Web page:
Gravimetry directly measures the change in regional gravitational fields through accurate measurements of the amount of effect that gravity has on satellites as they cross these regions. As mass is gained or lost it by the ice sheets, regional gravitational forces are affected, thereby making it possible for mass change estimates to be deduced. Ice sheet mass change has been detected using satellites to measure gravitational field changes through precise monitoring of the separation between a pair of satellites in identical orbits (GRACE Mission) (Allison et al. 2009). Although this method can be significantly affected by things such as crustal uplift and Glacial Isostatic Adjustment (GIA, crustal uplift after the depressing weight of an ice sheet/ice mass is removed), it is important to note that accelerations in mass loss can be detected very effectively and cannot be directly caused by GIA (Velicogna, 2009).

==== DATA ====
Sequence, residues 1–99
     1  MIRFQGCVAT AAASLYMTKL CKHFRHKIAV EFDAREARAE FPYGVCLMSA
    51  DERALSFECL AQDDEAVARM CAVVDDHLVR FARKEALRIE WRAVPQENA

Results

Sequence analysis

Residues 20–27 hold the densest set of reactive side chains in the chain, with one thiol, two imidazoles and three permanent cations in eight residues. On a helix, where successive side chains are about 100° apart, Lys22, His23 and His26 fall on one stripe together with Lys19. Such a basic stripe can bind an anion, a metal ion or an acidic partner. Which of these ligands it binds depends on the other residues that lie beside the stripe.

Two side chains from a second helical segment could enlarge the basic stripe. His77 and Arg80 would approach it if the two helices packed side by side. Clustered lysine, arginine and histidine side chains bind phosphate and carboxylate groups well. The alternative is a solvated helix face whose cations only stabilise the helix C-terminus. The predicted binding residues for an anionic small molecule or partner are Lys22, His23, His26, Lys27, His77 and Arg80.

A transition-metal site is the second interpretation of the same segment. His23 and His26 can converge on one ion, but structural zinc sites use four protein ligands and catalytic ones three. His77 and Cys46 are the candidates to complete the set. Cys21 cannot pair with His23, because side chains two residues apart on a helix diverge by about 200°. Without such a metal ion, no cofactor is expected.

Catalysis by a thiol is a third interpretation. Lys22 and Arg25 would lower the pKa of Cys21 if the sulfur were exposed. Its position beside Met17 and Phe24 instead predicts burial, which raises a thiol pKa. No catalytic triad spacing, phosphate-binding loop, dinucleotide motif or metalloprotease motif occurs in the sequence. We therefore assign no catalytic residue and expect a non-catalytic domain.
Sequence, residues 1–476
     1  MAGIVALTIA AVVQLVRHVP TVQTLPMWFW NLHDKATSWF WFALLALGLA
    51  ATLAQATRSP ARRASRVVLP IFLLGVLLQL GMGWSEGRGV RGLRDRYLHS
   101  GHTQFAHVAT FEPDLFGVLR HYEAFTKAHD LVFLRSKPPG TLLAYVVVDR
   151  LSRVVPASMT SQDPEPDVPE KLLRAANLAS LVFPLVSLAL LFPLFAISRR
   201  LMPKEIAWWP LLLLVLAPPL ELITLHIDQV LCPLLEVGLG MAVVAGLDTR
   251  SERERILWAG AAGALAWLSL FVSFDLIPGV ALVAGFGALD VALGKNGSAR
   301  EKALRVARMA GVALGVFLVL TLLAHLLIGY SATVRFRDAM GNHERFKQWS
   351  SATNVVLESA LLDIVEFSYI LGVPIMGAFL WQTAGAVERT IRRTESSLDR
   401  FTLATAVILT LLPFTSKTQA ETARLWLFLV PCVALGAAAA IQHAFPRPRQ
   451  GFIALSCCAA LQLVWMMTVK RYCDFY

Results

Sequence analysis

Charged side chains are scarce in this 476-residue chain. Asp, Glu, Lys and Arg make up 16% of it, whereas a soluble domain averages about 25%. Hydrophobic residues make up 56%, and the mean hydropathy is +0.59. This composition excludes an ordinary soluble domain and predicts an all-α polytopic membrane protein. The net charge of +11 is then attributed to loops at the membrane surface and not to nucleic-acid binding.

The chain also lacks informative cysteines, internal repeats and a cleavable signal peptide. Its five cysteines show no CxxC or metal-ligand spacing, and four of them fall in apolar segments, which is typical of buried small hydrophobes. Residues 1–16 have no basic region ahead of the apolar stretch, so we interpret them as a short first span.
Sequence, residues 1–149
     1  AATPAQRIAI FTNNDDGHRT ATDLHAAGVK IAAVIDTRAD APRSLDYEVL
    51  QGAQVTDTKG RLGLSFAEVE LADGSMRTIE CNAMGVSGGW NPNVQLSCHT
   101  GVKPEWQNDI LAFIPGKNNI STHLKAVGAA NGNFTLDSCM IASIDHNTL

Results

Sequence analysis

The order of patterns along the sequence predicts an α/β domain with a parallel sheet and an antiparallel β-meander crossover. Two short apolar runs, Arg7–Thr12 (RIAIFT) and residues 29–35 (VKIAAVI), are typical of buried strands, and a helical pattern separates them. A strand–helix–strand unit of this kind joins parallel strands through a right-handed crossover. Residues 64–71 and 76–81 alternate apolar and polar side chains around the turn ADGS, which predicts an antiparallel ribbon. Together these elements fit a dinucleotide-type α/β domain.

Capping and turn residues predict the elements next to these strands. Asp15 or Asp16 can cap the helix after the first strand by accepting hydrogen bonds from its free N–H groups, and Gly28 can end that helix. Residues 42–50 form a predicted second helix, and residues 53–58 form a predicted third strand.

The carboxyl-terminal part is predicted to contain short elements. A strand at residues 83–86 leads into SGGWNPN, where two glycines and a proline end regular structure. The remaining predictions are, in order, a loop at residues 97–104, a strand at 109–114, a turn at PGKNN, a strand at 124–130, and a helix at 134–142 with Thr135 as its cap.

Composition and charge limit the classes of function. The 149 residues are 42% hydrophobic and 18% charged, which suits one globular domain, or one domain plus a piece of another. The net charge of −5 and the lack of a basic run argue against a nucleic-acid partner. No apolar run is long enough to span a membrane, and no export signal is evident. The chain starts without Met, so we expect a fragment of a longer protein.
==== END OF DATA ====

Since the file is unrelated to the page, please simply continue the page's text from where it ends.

iii) Flux Component Method
The flux component method refers to the estimation of the total mass inputs and mass outputs for each individual drainage basin and ultimately the ice sheet as a whole. Estimating the mass inputs requires knowledge of spatial and temporal patterns of snow accumulation in regions that are oftentimes unsurveyed. In order to make an ice sheet wide snow accumulation map, on site observations of mass through meteorological records, snow pits, ice cores and marker poles are used to ground truth regional accumulation models. These models have been shown to have good agreement with measurements in interpolated regions (Allison et al. 2009). The loss by outflow is usually estimated as the ice discharge across the grounding line of the ice sheet, as this is where ice begins to float and hence contribute to sea level rise. Estimates such as these require observations of the speed of ice flow and the thickness of the column ice. Radar Interferometry has allowed for direct all-weather measurements of surface velocities to be conducted through both a differential method and a speckle tracking method (Figure 2). Depth of ice streams has been estimated using varying means from bedrock topography models to ground penetrating radar surveys.